I just finished reading the book, Fifty Shades of Grey, by E.L. James. I wasn’t excited about reading it after seeing a couple reviews about the author’s lack of literary skills, but, at the urging of a dear friend of mine (“You have to read this book. You need to.), I borrowed her copy. After falling asleep the first two nights I attempted to indulge, the story started to become engaging and I couldn’t put it down. In fact, for three days I couldn’t put it down, staying up until the wee hours of the morning, reading in bed until I reached the cliffhanger ending. What struck me about this story was something the protagonist, Anastasia, says nearly at the end of the book, “This is what it boils down to – incompatibility…”
Isn’t that often what it comes down to when a relationship is ending? Incompatibility? I have had conversations like this in my own relationships. “We’re just not working,”
or “I can’t give you what you need,”
or “we both want different things,”
or “our priorities have changed.”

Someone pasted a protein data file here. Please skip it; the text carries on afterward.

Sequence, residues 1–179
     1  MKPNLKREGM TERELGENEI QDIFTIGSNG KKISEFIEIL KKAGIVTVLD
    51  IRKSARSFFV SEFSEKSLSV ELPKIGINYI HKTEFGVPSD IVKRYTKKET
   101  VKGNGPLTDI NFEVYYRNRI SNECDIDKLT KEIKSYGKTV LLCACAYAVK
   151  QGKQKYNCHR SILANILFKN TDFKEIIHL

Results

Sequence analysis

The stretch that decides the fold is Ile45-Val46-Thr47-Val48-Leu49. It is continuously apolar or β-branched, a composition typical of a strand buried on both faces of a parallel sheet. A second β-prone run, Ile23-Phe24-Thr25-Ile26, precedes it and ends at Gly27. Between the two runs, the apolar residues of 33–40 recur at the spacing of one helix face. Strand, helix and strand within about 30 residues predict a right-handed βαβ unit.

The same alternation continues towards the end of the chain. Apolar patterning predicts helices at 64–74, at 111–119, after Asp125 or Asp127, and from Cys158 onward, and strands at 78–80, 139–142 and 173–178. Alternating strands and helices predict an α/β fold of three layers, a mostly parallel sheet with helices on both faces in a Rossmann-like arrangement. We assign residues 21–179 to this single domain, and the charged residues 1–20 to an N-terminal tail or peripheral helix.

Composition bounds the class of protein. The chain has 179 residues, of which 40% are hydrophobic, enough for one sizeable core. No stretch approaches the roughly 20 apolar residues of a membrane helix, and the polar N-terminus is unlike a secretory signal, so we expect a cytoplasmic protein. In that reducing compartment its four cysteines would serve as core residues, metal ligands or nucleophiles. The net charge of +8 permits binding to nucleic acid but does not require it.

Just as it is in fiction, too often in real life, it all comes down to incompatibility.
If you have had this sort of conversation with your partner, you know that admitting incompatibility does not necessarily mean you no longer love each other. In fact, this is exactly the dilemma you may have to face; the realization you are forced to acknowledge – “Why didn’t I fall in love with someone I was compatible with?” Like I wrote in my article, Love or a Scientific Experiment, quoting Woody Allen, “The heart wants what the heart wants.”
Love is not rational. Love does not first search for compatibility. First, your heart is struck by another, then, slowly you discover if you are compatible. Or not. Sometimes, this revelation comes a very long way into the relationship.
Once you’ve had this epiphany, where does it leave you? Perhaps at a crossroad where you can decide one of two things:
1. Acceptance: Our love is greater than our incompatibilities and therefore we will choose to stay together, overlooking instead of criticizing, trying harder to find common ground.
2. Rejection: Even though we love each other, our incompatibilities outweigh the positives; we choose to move forward separately.
There is no correct answer. Ultimately, if the feeling is mutual, you do whatever works for you and your partner. If you’re not in agreement about which road to travel, that can be difficult for both parties involved. When in doubt, follow your heart. If you communicate your concerns to each other, there’s always hope. As for Fifty Shades of Grey, there’s a sequel. I’m picking it up from my friend tomorrow.